Liquidity Baking

Liquidity baking incentivizes large amounts of decentralized liquidity provision between tez and tzBTC by minting a small amount of tez every block and depositing it inside of a constant product market making smart-contract. It includes an escape hatch mechanism as a contingency.

Contracts

During protocol stitching a constant product market making (CPMM) Michelson contract is deployed on the chain with address KT1TxqZ8QtKvLu3V3JH7Gx58n7Co8pgtpQU5 as well as an associated liquidity token contract with address KT1AafHA1C1vk959wvHWBispY9Y2f3fxBUUo.

The CPMM maintains a balance of a tez and b tzBTC, where tzBTC is the FA1.2 token found at address KT1PWx2mnDueood7fEmfbBDKx1D9BAnnXitn. The smart contract accepts deposits of da tez and returns db tzBTC (or vice versa) where the invariant (a + da * (1 - f - n)) * (b - db) = a b is preserved, and f and n are a fee and burn, set at 0.1% each. Calculations are done with precision of 1000, rounding down on division.

To implement this contract, we use a fork of the open source code base used by version two of the “Dexter” project. The implementation of this contract has been formally verified against its functional specification. The contract code is modified in the following way:

  1. The fee is set to 0.1% only (the fee in Dexter v2 is set to 0.3%). Rationale: given the subsidy it is not necessary to charge a large fee and better to improve liquidity.

  2. An additional 0.1% of every trade is burned by being transferred to the null implicit account. Rationale: this mechanism offsets inflation from the subsidy. The inflation is exactly balanced at a daily trade volume of 7.2 million tez.

  3. The ability to set a delegate has been removed. Rationale: the subsidy means there is no need for a baker for that contract and having one would create an imbalance.

  4. The ability to set a manager has been removed. Rationale: the only privilege of the Dexter manager is to set Dexter’s delegate so this role is now unnecessary.

Subsidy

At every block in the chain, a small amount of tez is minted and credited to the CPMM contract, and the CPMM’s %default entrypoint is called to update the xtz_pool balance in its storage. The amount that is minted and sent to the CPMM contract is 1/16th of the rewards for a block of priority 0 with all endorsements; currently these rewards are 40 tez per block so the amount that is sent to the CPMM contract is 2.5 tez per block.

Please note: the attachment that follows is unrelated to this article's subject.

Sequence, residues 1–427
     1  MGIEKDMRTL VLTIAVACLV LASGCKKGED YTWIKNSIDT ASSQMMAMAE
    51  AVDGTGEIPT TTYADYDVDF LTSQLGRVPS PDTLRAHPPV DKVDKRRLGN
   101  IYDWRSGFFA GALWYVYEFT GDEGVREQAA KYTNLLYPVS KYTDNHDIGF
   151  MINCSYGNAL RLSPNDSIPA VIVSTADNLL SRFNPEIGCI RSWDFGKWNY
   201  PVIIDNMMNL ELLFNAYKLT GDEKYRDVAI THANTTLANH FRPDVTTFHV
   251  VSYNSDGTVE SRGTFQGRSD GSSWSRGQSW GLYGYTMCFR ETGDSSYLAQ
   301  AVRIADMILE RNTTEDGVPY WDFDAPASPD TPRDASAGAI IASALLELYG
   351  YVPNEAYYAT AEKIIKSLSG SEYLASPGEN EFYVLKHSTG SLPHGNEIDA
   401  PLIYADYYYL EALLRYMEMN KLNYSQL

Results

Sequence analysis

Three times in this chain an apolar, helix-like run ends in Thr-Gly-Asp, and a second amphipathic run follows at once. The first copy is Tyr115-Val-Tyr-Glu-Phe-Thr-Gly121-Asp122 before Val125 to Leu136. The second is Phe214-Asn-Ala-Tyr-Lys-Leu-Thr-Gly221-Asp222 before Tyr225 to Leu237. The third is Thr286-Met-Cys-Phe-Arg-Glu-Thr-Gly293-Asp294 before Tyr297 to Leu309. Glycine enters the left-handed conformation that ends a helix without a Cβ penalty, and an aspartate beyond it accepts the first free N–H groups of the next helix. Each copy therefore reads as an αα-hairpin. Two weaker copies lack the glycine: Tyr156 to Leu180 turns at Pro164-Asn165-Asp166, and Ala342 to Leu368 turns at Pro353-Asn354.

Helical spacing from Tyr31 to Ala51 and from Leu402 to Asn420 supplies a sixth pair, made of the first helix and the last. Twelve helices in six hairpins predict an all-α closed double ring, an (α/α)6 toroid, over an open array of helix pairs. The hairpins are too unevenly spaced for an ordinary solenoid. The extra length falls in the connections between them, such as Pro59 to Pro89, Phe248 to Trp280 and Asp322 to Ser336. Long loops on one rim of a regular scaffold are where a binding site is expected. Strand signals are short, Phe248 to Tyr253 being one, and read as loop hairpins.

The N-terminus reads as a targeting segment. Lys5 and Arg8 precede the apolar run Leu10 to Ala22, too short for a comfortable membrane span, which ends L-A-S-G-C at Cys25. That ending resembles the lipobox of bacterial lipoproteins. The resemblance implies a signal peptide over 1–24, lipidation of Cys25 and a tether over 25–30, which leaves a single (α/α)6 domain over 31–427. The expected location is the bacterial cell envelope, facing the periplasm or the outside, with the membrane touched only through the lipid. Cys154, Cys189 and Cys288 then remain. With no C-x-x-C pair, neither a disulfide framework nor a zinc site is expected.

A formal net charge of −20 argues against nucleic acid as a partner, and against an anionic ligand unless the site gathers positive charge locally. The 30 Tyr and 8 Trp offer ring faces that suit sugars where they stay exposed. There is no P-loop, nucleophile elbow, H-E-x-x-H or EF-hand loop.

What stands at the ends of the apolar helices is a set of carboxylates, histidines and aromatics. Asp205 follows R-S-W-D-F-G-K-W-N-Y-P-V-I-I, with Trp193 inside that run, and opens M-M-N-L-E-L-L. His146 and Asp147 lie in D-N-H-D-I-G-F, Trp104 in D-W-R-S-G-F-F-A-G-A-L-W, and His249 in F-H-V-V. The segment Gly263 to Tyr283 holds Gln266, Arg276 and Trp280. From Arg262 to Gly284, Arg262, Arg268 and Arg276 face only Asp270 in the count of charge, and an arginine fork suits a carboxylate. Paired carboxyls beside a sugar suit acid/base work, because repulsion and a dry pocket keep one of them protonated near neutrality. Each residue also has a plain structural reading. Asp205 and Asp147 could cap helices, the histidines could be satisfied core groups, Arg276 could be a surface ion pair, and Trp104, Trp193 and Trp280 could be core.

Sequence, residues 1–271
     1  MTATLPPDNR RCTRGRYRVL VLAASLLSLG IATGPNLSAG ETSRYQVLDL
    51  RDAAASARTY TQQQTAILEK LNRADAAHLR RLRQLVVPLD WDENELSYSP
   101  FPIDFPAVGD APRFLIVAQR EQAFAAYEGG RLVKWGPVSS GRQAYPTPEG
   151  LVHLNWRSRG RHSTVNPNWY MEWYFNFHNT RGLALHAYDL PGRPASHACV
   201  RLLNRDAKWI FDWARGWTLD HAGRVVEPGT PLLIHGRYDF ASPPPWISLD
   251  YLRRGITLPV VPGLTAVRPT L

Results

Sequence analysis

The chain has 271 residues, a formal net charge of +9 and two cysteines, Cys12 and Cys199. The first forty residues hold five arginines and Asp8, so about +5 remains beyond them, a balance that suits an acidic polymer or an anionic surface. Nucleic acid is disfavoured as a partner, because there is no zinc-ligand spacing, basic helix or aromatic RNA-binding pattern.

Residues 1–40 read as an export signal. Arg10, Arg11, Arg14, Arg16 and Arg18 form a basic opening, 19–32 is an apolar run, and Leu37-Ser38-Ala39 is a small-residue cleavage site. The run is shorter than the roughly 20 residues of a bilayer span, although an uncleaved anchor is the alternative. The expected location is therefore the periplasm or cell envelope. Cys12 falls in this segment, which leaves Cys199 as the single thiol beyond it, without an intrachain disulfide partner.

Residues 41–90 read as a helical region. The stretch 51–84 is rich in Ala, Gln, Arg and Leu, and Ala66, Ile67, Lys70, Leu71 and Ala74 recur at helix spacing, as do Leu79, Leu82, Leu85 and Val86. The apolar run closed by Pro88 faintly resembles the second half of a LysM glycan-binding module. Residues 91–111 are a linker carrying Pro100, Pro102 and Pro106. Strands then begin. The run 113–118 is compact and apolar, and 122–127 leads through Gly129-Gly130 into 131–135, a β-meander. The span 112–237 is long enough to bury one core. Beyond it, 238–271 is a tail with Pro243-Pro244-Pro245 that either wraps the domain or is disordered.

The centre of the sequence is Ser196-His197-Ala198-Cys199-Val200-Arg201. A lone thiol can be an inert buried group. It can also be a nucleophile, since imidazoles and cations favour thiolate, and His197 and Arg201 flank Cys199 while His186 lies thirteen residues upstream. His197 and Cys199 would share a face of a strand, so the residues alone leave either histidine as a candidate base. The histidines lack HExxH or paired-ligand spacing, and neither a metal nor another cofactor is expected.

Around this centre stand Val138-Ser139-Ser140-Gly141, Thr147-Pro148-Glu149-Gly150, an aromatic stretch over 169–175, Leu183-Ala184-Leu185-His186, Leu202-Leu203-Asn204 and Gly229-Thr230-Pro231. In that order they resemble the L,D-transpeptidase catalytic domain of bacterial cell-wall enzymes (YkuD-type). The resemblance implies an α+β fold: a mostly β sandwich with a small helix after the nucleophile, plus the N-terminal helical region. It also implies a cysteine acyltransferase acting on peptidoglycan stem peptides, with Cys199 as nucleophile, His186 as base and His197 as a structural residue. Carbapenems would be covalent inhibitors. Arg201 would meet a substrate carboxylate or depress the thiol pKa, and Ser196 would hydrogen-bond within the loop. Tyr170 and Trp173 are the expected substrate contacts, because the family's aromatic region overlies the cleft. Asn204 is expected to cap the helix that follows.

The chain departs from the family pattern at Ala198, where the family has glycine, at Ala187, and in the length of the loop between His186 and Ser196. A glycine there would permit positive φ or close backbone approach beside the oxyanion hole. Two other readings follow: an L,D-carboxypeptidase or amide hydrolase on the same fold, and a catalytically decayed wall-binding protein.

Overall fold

So the credits to the CPMM contract can be accounted for by indexers, they are included in block metadata as a balance update with a new constructor for update_origin, Subsidy.

As a safety precaution, the subsidy expires automatically at a given level called the liquidity baking sunset level. The sunset level can be renewed periodically by protocol amendment.

Escape hatch

In addition to the sunset mechanism, an escape hatch is included. At every block, the baker producing the block can choose to include a flag that requests ending the subsidy. The context maintains an exponential moving average of that flag calculated as such with integer arithmetic:

e[0] = 0 e[n+1] = (1999 * e[n] // 2000) + (1000 if flag[n] else 0)

If at any block e[n] >= 1000000 then it means that an exponential moving average with a window size on the order of two thousand blocks has had roughly a majority of blocks demanding the end of the subsidy. If that is the case, the subsidy is permanently halted (though it can be reactivated by a protocol upgrade).

For indicative purposes, if a fraction f of blocks start signalling the flag, the threshold is reached after roughly 2*(log(1-1/(2f)) / log(0.999)) blocks, about 1387 blocks if everyone signals, 1964 blocks if 80% do, 3590 blocks if 60% do, etc. Recall for comparison that assuming two blocks per minute there are 2880 blocks per day.